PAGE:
Snowmobiling is a way of life here in Maine.
It's true. I live out in the sticks, and as soon as there's enough snow on the ground to bother with, you hear the constant hum of snowmobiles. Between Maine's expensive trail system, and a huge powerline that runs for miles in either direction by my house, there's plenty of places to enjoy some time on the sled.
Inevitably, on a sled you will come to a point where you will need to cross a regular road to stay on the trail. There also may be a fair amount of traffic, meaning cars. So if you're on a sled, needing to cross, who has the right of way? Is there ever a time when the snowmobile has it, and the car should pause?
Maine law is actually pretty specific about this.
It's funny, I saw a person talking about it on Reddit once, and I've experienced this situation before as well. Maine law says: "A person shall bring a snowmobile to a complete stop before entering a public way or a private way maintained for travel." Basically meaning, if you come to a road, you have to stop and wait.
But as the person on Reddit pointed out, and I've also seen, not everyone follows that rule. I've seen sleds whiz right in front of me before crossing Kennebec Road in Hampden. That's not to say those people don't know the law, but are probably more interested in hot dogging it.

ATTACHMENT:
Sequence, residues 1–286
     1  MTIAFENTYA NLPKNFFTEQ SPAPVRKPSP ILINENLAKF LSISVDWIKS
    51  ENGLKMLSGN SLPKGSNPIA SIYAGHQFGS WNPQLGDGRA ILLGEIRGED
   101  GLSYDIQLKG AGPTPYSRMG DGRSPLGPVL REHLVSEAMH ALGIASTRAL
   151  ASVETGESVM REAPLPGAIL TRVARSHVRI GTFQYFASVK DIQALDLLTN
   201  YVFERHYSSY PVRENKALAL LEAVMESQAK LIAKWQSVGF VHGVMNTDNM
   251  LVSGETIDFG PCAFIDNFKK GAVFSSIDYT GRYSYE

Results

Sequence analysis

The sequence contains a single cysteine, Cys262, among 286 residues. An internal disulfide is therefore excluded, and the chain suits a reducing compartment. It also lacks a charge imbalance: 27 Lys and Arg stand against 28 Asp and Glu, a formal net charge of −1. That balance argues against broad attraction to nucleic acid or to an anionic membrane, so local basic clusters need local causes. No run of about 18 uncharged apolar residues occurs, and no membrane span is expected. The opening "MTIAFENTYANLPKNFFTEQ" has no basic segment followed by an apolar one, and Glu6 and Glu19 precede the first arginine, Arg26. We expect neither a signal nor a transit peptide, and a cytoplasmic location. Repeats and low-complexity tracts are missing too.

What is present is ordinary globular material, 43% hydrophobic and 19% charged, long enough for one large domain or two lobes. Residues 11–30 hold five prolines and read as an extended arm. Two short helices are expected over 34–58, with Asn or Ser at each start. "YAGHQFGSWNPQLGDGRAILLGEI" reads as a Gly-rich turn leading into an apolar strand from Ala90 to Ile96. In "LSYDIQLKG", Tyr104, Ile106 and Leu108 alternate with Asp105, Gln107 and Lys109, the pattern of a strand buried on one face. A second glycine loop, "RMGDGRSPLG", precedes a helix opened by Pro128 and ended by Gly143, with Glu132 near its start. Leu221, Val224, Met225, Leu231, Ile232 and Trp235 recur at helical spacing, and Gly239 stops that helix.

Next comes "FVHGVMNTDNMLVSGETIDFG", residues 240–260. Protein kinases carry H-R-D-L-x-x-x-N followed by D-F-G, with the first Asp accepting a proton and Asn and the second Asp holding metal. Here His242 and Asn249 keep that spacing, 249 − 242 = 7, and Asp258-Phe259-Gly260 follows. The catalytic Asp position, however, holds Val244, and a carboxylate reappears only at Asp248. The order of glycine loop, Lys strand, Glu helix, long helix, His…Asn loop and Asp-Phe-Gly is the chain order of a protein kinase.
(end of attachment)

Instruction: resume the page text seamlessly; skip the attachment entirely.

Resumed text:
Probably not many folks know the actual letter-of-the-law.
On the other hand, sleds don't require any kind of license, so it'd have to be up to folks to look up all these laws on their own. That may not be totally reliable. However, the car always has the right of way. So the sled owner is basically taking all the responsibility at that point.
In any case, when you're out in the boonies, use caution. And hopefully sled owners do the same. As is often the case, it's probably a few bad apples spoiling the barrel. But sled owners should know, if it "happens on the road", there's a good chance the law will see it as your fault. Food for thought...
If you're headed out on the ITS anyway...
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